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PARIANG/YIDA - 22 Dec 2013

Clashes near Yida refugee camp prompt evacuation

Fighting in northern Unity State in the vicinity of Yida refugee camp has prompted the evacuation of aid workers amid fears that violence could affect the humanitarian situation of refugees from Sudan’s border state of South Kordofan.

NGO Samaritan’s Purse, which established Yida Camp more than two years ago, stated Saturday “due to growing insecurity and open conflict, Samaritan’s Purse is no longer able to perform essential services to those living in South Sudan.” It has ordered the evacuation of all of its expatriate employees from the country.

Just over 70,000 refugees are registered at Yida, according to data on the UNHCR website current to 15 December, and another 6,591 at Adjoung Thok, which is located in the same county, Pariang.

Fighting to the southwest of Yida in the county capital of Pariang between Kiir loyalists and defectors broke out around 5 p.m. on Friday, resulting in at least 10 killed and leaving the town in the hands of the government. It is not certain at this point who is controlling Jau, another army area and border post which lies to the north of Yida. 

According to a security source in Pariang County, defectors from the Jau garrison remain at large in the county. Having left their post recently, they were attacked by local Dinka youth while moving southward in the Panyang area, which is less than 10 km from Yida.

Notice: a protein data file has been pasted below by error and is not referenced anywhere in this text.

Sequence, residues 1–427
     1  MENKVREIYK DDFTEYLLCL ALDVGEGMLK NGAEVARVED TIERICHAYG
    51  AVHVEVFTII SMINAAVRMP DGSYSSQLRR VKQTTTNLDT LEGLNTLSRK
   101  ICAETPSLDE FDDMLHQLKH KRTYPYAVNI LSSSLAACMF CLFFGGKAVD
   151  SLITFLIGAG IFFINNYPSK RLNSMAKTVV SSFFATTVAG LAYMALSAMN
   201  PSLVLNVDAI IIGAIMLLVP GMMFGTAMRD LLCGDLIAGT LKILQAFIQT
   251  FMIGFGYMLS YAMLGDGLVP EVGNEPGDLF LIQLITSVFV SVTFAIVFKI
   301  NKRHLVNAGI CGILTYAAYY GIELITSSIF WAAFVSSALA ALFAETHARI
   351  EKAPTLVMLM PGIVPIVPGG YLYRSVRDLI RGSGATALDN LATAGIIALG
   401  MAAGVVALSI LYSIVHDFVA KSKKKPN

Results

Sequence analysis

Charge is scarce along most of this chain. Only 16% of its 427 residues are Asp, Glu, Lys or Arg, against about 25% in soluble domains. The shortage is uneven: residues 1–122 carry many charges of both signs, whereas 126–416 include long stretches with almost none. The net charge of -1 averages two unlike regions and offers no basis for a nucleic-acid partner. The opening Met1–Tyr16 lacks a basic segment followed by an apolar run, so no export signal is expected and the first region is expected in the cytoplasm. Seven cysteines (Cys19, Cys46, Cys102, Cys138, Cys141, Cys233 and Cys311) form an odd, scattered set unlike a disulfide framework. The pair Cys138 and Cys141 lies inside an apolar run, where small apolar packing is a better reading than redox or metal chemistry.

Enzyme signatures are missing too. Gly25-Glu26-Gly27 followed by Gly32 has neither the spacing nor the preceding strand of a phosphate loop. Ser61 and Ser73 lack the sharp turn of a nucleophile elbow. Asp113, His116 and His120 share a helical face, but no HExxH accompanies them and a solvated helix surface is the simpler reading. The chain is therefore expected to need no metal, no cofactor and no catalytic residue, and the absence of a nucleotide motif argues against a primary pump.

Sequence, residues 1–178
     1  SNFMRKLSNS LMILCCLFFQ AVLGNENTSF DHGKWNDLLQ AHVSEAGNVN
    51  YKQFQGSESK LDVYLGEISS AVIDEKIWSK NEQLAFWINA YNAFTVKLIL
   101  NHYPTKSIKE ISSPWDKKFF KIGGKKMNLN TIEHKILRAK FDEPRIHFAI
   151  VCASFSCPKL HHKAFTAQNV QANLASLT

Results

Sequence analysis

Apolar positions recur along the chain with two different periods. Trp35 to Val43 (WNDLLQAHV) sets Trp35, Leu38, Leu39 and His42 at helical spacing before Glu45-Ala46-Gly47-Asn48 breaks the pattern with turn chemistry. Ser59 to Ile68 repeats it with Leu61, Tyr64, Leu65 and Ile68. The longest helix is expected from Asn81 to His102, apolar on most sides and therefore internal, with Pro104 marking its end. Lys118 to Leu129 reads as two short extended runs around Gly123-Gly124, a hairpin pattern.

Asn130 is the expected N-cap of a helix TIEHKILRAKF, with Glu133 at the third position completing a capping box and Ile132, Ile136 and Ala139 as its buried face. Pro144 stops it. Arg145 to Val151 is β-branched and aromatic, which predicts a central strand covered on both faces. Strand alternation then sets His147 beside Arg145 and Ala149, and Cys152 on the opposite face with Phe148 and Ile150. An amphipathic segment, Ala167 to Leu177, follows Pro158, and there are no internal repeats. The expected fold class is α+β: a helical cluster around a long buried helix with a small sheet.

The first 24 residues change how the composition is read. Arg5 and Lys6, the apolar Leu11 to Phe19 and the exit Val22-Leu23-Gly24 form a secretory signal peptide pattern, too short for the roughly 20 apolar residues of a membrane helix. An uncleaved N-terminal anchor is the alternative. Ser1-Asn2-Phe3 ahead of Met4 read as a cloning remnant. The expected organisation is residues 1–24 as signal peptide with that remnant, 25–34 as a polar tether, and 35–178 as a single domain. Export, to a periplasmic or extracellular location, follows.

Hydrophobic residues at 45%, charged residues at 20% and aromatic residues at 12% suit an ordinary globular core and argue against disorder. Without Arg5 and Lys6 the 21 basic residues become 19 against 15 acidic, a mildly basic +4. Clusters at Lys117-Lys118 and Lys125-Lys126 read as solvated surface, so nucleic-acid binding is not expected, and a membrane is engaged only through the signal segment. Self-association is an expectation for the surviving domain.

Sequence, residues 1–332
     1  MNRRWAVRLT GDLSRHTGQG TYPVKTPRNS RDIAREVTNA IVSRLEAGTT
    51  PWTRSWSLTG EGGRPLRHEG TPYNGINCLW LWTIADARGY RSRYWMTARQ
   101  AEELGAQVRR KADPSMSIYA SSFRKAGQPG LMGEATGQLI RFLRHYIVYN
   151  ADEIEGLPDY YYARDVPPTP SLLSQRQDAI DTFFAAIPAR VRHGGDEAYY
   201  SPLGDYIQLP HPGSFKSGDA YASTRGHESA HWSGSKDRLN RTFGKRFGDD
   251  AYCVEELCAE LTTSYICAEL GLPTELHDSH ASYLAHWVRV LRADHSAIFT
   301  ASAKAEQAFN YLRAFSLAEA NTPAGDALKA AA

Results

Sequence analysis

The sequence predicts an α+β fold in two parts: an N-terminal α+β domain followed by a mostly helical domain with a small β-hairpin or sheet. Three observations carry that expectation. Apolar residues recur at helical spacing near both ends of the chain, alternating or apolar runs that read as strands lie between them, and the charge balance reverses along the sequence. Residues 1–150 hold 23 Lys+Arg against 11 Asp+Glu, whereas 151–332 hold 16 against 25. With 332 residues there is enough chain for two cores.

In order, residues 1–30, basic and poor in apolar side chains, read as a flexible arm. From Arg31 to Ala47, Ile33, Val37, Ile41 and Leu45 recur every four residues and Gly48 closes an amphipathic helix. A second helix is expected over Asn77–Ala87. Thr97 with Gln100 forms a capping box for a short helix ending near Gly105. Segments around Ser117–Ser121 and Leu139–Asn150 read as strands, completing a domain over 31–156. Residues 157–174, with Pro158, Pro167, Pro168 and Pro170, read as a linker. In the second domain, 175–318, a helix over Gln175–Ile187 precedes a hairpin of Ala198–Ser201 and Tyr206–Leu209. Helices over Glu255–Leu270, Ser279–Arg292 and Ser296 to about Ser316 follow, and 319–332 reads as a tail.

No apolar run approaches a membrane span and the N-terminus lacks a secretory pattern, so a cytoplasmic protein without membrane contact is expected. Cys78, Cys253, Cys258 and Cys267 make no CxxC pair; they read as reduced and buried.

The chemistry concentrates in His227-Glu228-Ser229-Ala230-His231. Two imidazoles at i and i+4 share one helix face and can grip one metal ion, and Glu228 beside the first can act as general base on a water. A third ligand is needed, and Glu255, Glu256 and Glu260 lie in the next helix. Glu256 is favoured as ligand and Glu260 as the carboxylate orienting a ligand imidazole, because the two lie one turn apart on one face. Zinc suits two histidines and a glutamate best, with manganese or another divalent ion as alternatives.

“People deserting Jau are grouping somewhere threatening the peace in Yida,” he said. He described the defectors as currently scattered in small groups of four to ten fighters. They may be heading southward to link up with the mutinous elements of the 4th Division, now controlling much of the state.

No security forces at Yida

Some or all of the remaining expatriate aid workers in Yida Camp have evacuated already. NGOs may try to continue operations with local personnel, but a number of the South Sudanese staff have apparently already left as well.

The UN Humanitarian Air Service (UNHAS) canceled a flight scheduled for Sunday because there were no SPLA on the ground to assure the safety of the inbound flight, but other chartered aircraft are reported to have left the airstrip today carrying aid workers under orders to evacuate.

Also a contingent of national police left from Yida on Thursday or Friday and were brought to Pariang town as clashes broke out there. They have not yet returned to the camp. 

Yida camp’s markets were closed early on Friday, according to refugee sources, and there was reportedly a “great panic” in the camp. Further information on the present situation inside the camp was not immediately available.

The same security source declined to comment on SPLA military operations, saying he could not predict whether the army would undertake a military operation against the defectors in the area.

File photo: SPLA soldiers in northwestern Unity State, July 2013 (Radio Tamazuj)

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